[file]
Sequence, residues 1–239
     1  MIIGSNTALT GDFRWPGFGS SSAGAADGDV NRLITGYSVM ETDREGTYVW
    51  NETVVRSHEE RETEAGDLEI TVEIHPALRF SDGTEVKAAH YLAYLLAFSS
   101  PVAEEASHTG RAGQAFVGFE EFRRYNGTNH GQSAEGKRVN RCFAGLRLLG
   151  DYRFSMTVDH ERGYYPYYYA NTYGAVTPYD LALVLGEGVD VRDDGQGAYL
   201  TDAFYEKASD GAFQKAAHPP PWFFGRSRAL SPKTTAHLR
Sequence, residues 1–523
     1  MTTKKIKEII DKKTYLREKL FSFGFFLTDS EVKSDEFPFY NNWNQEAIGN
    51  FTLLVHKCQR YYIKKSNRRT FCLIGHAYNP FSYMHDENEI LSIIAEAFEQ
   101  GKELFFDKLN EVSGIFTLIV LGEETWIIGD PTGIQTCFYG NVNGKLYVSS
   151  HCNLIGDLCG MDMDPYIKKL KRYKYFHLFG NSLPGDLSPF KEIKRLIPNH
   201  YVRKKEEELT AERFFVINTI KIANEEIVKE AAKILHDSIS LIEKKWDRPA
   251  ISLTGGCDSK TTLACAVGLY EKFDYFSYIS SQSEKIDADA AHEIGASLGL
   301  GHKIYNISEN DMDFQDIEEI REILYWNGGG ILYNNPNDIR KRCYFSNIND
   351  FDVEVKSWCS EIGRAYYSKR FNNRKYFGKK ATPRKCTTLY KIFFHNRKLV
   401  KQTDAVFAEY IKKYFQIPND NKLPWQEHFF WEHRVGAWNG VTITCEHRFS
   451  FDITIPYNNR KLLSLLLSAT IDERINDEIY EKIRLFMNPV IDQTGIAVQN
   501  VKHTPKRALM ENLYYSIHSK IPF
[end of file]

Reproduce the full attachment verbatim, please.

Sequence, residues 1–239
     1  MIIGSNTALT GDFRWPGFGS SSAGAADGDV NRLITGYSVM ETDREGTYVW
    51  NETVVRSHEE RETEAGDLEI TVEIHPALRF SDGTEVKAAH YLAYLLAFSS
   101  PVAEEASHTG RAGQAFVGFE EFRRYNGTNH GQSAEGKRVN RCFAGLRLLG
   151  DYRFSMTVDH ERGYYPYYYA NTYGAVTPYD LALVLGEGVD VRDDGQGAYL
   201  TDAFYEKASD GAFQKAAHPP PWFFGRSRAL SPKTTAHLR
Sequence, residues 1–523
     1  MTTKKIKEII DKKTYLREKL FSFGFFLTDS EVKSDEFPFY NNWNQEAIGN
    51  FTLLVHKCQR YYIKKSNRRT FCLIGHAYNP FSYMHDENEI LSIIAEAFEQ
   101  GKELFFDKLN EVSGIFTLIV LGEETWIIGD PTGIQTCFYG NVNGKLYVSS
   151  HCNLIGDLCG MDMDPYIKKL KRYKYFHLFG NSLPGDLSPF KEIKRLIPNH
   201  YVRKKEEELT AERFFVINTI KIANEEIVKE AAKILHDSIS LIEKKWDRPA
   251  ISLTGGCDSK TTLACAVGLY EKFDYFSYIS SQSEKIDADA AHEIGASLGL
   301  GHKIYNISEN DMDFQDIEEI REILYWNGGG ILYNNPNDIR KRCYFSNIND
   351  FDVEVKSWCS EIGRAYYSKR FNNRKYFGKK ATPRKCTTLY KIFFHNRKLV
   401  KQTDAVFAEY IKKYFQIPND NKLPWQEHFF WEHRVGAWNG VTITCEHRFS
   451  FDITIPYNNR KLLSLLLSAT IDERINDEIY EKIRLFMNPV IDQTGIAVQN
   501  VKHTPKRALM ENLYYSIHSK IPF